ANSEL ADAMS -Royaly Free ??

Discussion in 'Photography' started by RealInfo, Mar 31, 2009.

  1. RealInfo

    RealInfo Guest

    Hi all

    Are Ansel adams photos royaly free ?

    I ask this because he passed away in 1984 .


    Thanks
    EC
     
    RealInfo, Mar 31, 2009
    #1
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  2. RealInfo

    Jeff Guest

    I think they were all donated, I don't remember where at the moment,
    some university that had a photo department.

    The thing about Ansel Adams isn't the negative so much as the print.
    If you ever get a chance to see a retrospective of Ansels work it is
    fascinating to see the same negative printed at different stages of his
    life.

    His work has been around for a long time though, and copyrights are
    stronger now than during his lifetime. Remember that twisted nose of his
    came from a fall during the San Francisco Earthquake!

    Jeff
     
    Jeff, Apr 2, 2009
    #2
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  3. RealInfo

    Vance Guest

    I disagree. I learned the 'Zone System' from Adams at one of his 3
    day workshops he gave in Yosemite and what I learned as a way of
    working and approaching photography is at least as valid now as it was
    then. Shooting digital, which I have been doing exclusively for the
    last 8 years, has changed how I apply what I learned, but it hasn't
    changed what is done. If anything, digital has enabled us to have
    control over what we do to a degree Adams' couldn't have dreamed of,
    but that has only raised the bar. We're still going to do the same
    things, for the same reasons. If you want to see what Adams was all
    about, a comparison between a contract print and a production print
    will teach you a lot.

    He didn't push 'the envelope' of a technology in the common sense of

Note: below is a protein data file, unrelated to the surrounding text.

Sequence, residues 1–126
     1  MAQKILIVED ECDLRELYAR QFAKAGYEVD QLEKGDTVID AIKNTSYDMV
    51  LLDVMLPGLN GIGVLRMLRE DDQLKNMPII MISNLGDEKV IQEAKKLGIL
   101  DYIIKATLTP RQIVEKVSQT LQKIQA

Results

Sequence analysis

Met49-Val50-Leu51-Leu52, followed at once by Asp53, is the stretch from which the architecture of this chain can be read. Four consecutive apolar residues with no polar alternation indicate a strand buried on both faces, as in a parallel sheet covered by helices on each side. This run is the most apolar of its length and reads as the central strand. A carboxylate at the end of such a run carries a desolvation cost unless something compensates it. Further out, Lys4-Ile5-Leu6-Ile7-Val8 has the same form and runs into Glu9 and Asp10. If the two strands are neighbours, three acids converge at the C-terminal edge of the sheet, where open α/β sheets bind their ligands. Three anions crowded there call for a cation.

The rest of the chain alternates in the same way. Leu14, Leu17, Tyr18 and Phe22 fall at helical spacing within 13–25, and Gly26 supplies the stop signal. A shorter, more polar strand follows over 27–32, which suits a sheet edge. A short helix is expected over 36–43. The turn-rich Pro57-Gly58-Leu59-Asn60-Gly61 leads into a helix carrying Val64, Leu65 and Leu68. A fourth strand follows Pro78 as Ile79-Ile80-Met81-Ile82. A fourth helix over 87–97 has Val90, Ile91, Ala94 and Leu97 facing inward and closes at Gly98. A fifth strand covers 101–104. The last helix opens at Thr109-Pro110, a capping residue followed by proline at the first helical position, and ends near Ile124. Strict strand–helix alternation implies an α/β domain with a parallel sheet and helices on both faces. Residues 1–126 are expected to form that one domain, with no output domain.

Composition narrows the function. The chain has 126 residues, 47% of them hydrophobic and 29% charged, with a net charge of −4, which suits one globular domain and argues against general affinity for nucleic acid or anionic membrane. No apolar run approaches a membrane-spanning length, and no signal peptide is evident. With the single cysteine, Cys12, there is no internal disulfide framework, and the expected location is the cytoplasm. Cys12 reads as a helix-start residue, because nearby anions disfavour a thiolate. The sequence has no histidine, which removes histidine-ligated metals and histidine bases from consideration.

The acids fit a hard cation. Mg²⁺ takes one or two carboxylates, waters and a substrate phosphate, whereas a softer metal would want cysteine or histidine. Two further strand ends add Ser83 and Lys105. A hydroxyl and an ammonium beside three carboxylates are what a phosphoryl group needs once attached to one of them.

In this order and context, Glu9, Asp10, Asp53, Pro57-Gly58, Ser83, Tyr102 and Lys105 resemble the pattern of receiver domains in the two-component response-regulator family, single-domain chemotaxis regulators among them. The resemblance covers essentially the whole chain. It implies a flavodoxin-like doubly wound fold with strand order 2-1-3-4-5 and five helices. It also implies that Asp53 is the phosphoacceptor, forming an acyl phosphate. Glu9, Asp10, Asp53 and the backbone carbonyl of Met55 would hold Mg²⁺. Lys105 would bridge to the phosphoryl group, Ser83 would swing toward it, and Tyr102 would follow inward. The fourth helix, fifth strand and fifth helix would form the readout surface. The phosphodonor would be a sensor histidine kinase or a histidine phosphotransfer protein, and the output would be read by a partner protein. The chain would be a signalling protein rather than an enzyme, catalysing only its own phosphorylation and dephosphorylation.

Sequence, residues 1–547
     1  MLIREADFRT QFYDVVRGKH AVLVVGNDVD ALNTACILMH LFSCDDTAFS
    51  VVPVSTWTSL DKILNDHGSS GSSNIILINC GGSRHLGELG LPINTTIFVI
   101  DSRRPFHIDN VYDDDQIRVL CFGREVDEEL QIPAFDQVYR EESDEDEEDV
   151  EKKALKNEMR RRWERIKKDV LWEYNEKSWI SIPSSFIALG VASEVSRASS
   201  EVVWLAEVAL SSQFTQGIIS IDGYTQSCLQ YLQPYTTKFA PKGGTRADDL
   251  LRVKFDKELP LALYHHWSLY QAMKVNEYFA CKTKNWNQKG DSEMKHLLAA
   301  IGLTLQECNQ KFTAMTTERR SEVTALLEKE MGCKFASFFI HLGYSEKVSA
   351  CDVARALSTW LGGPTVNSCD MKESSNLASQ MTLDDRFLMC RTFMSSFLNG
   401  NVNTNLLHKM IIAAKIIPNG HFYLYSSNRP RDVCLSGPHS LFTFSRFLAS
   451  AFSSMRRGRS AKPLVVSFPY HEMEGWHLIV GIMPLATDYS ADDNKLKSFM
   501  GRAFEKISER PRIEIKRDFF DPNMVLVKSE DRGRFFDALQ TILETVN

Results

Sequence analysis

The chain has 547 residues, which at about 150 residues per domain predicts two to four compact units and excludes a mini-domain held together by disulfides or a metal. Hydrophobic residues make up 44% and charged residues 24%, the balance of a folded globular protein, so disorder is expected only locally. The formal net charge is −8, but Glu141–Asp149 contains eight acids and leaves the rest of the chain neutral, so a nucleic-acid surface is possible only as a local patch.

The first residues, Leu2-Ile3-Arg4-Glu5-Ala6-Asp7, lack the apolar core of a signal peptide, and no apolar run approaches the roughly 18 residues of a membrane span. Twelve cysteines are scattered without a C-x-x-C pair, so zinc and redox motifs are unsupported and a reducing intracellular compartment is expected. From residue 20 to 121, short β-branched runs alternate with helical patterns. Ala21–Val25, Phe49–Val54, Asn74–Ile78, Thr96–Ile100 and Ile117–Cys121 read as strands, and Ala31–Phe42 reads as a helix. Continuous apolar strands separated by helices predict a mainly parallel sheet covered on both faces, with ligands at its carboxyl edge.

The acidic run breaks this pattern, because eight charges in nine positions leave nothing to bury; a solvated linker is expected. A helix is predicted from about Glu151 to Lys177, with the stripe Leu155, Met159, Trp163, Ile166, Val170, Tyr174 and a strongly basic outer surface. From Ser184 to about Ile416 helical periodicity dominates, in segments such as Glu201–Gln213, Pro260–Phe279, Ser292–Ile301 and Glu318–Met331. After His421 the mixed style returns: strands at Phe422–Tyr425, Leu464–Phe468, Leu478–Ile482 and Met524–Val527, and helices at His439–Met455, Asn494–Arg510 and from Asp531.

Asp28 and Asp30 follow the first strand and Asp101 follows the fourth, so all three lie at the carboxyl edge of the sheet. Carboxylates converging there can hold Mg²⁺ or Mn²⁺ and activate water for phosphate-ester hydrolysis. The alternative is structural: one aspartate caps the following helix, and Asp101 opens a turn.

the term. Man Ray and others did that. What he did was master the
    factors and characteristics of film and apply them to great effect in
    the print. Starting from a 'correct exposure' (selected for the
    intended image) he developed the film to bring out the tonality he
    wanted. We have curves, etc., to do exactly the same thing. Then he
    would print on the grade paper that supported and enhanced that tonal
    range, we can use curves for that and pick our paper. Where you
    really see what he did was in the areas where he would dodge to bring
    out shadow details and burn in to get the highlight details. This was
    done in selectied areas to guide the eyes and create an overall
    impression in the final print. The difference it made when you put a
    contact print side by side with a final print is stunning, but not
    that hard to do technically. To do it with the deftness and
    understanding of how each manipulation added to the final result is
    another matter all together.

    The tecniques Adams used weren't magic, it was what he did with them
    that made all the difference. Today, we can do things that Adams may
    have dreamed of, but couldn't have done within the constraints of
    film. It's a matter of degree, though, and not so much of kind.
    Viewers respond to the same qualities of an image now as they did then
    - which is why Adams' prints are probably never going to become dated,
    or even quaint, because of technology advancing. However, just
    because we can do things digitally that Adams couldn't doesn't make a
    fine quality print any easier to produce. If anything, it may be more
    demanding now. The range and scope of adjustments you can make can be
    bewildering and in combination it can be more than bewildering.

    Technology has moved on, but the demands of mastery and artistry have
    kept apace and Adams' work (many others as well) remains relevant.
    You look to his work for what he did, not how he did it.

    Vance
     
    Vance, Apr 9, 2009
    #3
  4. Of course not!
    Greetings
    Christoph Scheingraber
     
    Christoph Scheingraber, Apr 17, 2009
    #4
  5. RealInfo

    Peter Guest

    If I purchase a work of art, unless there is a specific agreement to the
    contrary, I have the right to display it, resell the entire piece, even burn
    it if I want to. I have no right to reproduce it, except for certain
    purposes, such as commenting on it. I may not pass off a reproduction as my
    own work. This issue is more common with castings of sculpture than
    photographs.
     
    Peter, Apr 19, 2009
    #5
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